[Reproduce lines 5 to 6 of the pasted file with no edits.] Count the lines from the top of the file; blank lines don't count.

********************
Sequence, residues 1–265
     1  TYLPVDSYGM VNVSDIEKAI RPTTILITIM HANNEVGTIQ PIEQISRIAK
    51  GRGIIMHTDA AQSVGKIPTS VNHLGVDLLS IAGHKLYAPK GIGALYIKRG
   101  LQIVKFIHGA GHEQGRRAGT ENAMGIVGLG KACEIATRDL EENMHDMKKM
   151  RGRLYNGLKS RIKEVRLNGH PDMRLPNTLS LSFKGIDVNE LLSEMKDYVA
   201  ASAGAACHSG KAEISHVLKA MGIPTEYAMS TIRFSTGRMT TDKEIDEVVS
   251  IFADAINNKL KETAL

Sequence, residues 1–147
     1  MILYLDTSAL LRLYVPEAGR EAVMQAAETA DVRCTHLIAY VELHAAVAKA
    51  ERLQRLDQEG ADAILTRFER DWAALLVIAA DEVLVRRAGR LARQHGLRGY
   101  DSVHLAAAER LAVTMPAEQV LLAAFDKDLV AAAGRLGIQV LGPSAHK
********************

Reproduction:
   151  RGRLYNGLKS RIKEVRLNGH PDMRLPNTLS LSFKGIDVNE LLSEMKDYVA
   201  ASAGAACHSG KAEISHVLKA MGIPTEYAMS TIRFSTGRMT TDKEIDEVVS